Peloton responds to surprise death in And Just Like That… with new commercial

Peloton has responded to a plot in the new HBO series Max. Sex and the city restart, And so …, turning a commercial in less than 48 hours after the company’s shares continued to plummet in reaction to events on the television show over the weekend.

(Spoiler Warning: An important plot point from the first episode of And so …)

The plot point in question involved the sudden death of Mr. Big (Chris Noth), who suffers what appears to be a heart attack after enjoying a 45-minute Peloton workout. That training was led by a character played by a real-life Peloton instructor (Jess King).

Peloton says he approved of King’s appearance on the show, but knew nothing about Big’s death. “We didn’t find out about the plot,” said Peloton vice president of global communications Jessica Kleiman. The edge by email. “This was a casting opportunity for one of our instructors for an acting role, not an official brand integration or product placement.”

Now, the company has responded with a commercial with Noth and King, in which Noth suggests that the pair “take another walk.” A voiceover by Ryan Reynolds assures viewers that “regular cycling stimulates and improves your heart, lungs and circulation, reducing your risk of cardiovascular disease. Cycling strengthens the heart muscles, reduces the resting pulse and reduces the levels of fat in the blood ”, before concluding:“ it is alive ”.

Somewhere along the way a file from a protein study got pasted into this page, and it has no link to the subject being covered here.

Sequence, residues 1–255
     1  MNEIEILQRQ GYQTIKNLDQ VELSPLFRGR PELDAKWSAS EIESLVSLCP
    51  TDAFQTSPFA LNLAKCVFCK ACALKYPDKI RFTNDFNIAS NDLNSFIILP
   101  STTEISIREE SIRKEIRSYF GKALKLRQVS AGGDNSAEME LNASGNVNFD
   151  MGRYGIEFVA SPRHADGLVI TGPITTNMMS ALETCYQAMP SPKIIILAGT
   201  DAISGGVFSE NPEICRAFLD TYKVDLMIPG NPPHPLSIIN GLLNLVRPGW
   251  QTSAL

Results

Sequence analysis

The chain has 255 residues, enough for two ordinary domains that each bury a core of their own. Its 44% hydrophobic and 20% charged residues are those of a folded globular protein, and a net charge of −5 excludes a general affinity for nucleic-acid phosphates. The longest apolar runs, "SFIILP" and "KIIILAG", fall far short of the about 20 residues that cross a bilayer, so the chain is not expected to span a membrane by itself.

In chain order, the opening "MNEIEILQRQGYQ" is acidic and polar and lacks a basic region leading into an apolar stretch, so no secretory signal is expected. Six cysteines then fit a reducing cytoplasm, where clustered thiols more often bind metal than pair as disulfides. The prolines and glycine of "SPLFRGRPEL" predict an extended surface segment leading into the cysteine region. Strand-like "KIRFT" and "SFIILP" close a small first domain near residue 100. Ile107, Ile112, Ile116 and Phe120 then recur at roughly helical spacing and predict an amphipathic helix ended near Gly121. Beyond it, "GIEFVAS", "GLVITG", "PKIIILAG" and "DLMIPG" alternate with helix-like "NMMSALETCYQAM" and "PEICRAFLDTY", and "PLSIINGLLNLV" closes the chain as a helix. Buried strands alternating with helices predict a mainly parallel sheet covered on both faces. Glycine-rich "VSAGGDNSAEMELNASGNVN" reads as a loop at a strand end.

Kleiman said The edge that the commercial was shot over the weekend “in collaboration with Ryan Reynolds and his marketing company, Maximum Effort, who created the ad,” and that it all “came together in less than 48 hours.”

It’s an impressively quick turnaround, so quick you’ll be forgiven for suspecting all the coming and going is a bit of orchestrated viral marketing, but Peloton and Ryan Reynolds have a preform here. When Peloton launched its infamous “Peloton Wife” ad two years ago, Reynolds snagged the same actress, Monica Ruiz, to appear in a commercial for his Aviation Gin, with the ad seemingly following the same story.

However, Peloton’s difficulties go far beyond the fictional plot. The company’s shares surged during the pandemic as more people were forced to exercise at home, but enthusiasm for its products has since cooled. The company also has extremely real and tragic problems related to its equipment. His treadmill was recalled after it caused numerous injuries and the death of a six-year-old boy who was pushed onto the machine.

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